Category Archives: Hiking Accidents & Fatalities

World’s Most Dangerous Path Open for Hiking



Known as the world’s most dangerous path, El Caminito del Rey, is newly restored and now open to the public.


The King’s Little Pathway, is a walkway, located along the walls of a narrow gorge, in the village of El Chorro, near Malaga Spain.  The path rises 328 feet above the river below, and is the site where 5 hikers plunged to their death between 1999 and 2000.

Comprised of board walks, forest paths, and walkways, and characterized by long distance, and steep slopes, the estimated time for the full 7.7 km (4.7 miles) length of the linear hike, is between 4 and 5 hours.   In some sections the path is no more than a yard wide.  El Caminito del Rey reopened in March 2015.

If you’re venturing out on this path, better be sure you know what you’re doing.  Wear proper clothing and footwear, know the upcoming weather conditions, bring plenty of water, food, and first aid.  And, never hike alone.

For more information on planning a trip to El Caminito, go to:

Copyright 2015 Irene Pastore, and Tour De Core Personal Training

Brooklyn Man Dies Hiking Alone in Mexico

Fatal hiking fall.

Exercise shouldn’t kill you.  Most people would agree with that. But the reality is that exercise does kill, when you’re not prepared, don’t understand the risks, or your fitness level isn’t up to the task.


If you’re out in the wilderness, on a rocky hillside, riding the rapids, or up on a mountain, you need a plan, and know what you’re doing, because the mountains don’t care, and hikes can turn deadly.

Get a grip. Wear appropriate footwear. Obey trail signs and don’t wander off.

Hiking alone in Mexico, 25 year-old Hari Simran Singh Khalsa of Brooklyn, New York, was found dead on January 2.  Missing since December 30, his body was found in a ravine near the town of Tepoztlan.

Khalsa told his wife that he planned to go on a short hike, and in a later message told her he walked further than intended, and also told friends that he climbed too high onto another mountain by mistake.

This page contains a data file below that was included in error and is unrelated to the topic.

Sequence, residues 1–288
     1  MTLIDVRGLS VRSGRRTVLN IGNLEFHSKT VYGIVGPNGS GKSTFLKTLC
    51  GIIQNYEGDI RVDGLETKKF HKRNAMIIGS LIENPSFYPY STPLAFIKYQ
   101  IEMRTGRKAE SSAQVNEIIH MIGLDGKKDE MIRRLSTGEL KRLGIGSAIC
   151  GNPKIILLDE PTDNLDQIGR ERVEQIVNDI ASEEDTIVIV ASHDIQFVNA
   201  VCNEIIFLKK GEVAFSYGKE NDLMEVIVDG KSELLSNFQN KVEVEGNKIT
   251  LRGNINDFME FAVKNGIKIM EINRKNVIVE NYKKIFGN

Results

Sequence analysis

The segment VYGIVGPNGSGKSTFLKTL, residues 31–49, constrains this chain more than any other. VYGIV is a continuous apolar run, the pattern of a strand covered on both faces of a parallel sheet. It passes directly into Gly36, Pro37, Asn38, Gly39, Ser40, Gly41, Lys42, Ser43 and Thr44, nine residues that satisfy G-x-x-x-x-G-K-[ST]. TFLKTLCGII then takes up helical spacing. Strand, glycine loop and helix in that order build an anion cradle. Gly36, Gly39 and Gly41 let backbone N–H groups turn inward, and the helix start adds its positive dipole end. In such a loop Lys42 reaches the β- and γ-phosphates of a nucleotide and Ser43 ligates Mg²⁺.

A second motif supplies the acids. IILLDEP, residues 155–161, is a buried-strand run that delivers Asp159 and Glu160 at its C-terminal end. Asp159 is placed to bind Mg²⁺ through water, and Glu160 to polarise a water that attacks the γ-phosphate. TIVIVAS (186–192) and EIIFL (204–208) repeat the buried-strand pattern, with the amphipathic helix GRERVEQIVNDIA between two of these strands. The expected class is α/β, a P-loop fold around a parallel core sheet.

His family said he died of head injuries from a fall over rough terrain, in the Tepozteco Mountains.

In his last text message to a friend, he said that he was on top of a very high mountain, and not sure how to get down.  He had a liter (about 4 cups) of water and a bag of trail mix.

Study maps. Know where you’re going, and what to expect.


  1. Get in shape.  Strengthen your core.
  2. Learn about the terrain.
  3. Check the weather forecast before you set out.
  4. Wear proper clothing, and footwear for the anticipated weather conditions, and terrain..
  5. Carry enough water and food for your trip.
  6. Don’t hike alone.
  7. As you ascend, make note of your ability to descend.  If you think you won’t be able to navigate the terrain safely on the way down, turn around and go back.
  8. Study maps of the hiking trails before setting out on your trip.
  9. Keep in mind that in remote areas, your cell phone is useless.
  10. Know what type of wildlife you may encounter.


A strong core prevents falls, by stabilizing your spinal muscles.  Instead of landing on your head, back, or knees, you’ll remain upright, whether you’re walking on icy pavement in a city street, or engaged in wilderness sports and recreation activities.

Here’s a list of related articles about outdoor recreation safety.

How To Exercise Your Core

Strong Core Muscles Can Save Your Life